Pitney Bowes’ returns dip in first quarter
STAMFORD — Technology firm Pitney Bowes reported Wednesday slightly decreasing revenues and a loss for the first quarter, as it dealt with unexpected hardware-servicing charges, postponement of a federal contract and labor-productivity challenges.
Quarterly returns totaled about $868 million, down 3 percent year-over-year. The loss of $2.7 million reflected about $9 million incurred for a tablet-replacement program to respond to battery-longevity issues in its SendPro C shipping-and-mailing product.
“We’re not pleased with the first-quarter performance,” CEO and President Marc Lautenbach said on a call with investment analysts. “The first quarter was disappointing, it was a bump in the road. That being said, it doesn’t change my view, one iota, of the long-term prospects of this company.”
Meanwhile, the company incurred unexpectedly high shipping rates resulting from the delayed approval of a now-confirmed service agreement with the U.S. Postal Service.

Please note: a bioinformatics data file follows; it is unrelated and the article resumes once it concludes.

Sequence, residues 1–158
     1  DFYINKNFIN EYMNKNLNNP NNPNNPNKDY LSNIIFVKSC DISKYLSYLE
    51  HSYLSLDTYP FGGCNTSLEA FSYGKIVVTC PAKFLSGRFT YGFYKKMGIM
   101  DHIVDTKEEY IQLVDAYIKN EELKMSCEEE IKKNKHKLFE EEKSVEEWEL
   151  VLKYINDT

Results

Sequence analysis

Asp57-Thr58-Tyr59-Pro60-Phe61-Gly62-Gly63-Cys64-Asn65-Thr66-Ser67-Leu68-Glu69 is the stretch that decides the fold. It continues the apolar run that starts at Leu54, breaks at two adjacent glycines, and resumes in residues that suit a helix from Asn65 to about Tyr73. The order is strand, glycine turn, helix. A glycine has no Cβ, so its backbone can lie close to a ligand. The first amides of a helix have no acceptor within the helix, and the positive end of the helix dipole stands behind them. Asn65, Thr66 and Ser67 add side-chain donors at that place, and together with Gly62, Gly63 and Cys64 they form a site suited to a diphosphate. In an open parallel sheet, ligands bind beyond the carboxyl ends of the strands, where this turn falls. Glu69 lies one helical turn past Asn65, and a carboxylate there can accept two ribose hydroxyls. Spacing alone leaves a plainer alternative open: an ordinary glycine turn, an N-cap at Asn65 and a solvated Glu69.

At the same time, executives said they were looking to improve workforce productivity.
“One of the pieces of the work with our consultant is to go through things like scheduling, labor productivity, time studies, etc., that will help us gain productivity overall,” said Chief Financial Officer Stanley Sutula III. “But we’ve also invested heavily in automation.”
Among key divisions, commerce services’ divisions revenues rose 5 percent, to $401 million, driven by the 2017 acquisition of parcel-logistics specialist Newgistics.
Small- and medium-business solutions’ returns dropped 10 percent, to $394 million, affected by lower equipment sales and recurring revenue sources.
Software solutions’ revenues decreased 4 percent, to $73 million, as the division collected lower licensing revenues.
Among other recent moves, the company last month announced the launch of a new business, Wheeler Financial, which would help small and medium-size businesses purchase new equipment and services through loans, leases and other financial arrangements.
Before an upswing in results last year, Pitney had struggled in the previous few years with falling and stagnating earnings, as it sought to diversify its operations.
Pitney officials had considered selling the company, but rising returns persuaded them last year to keep the firm independent.
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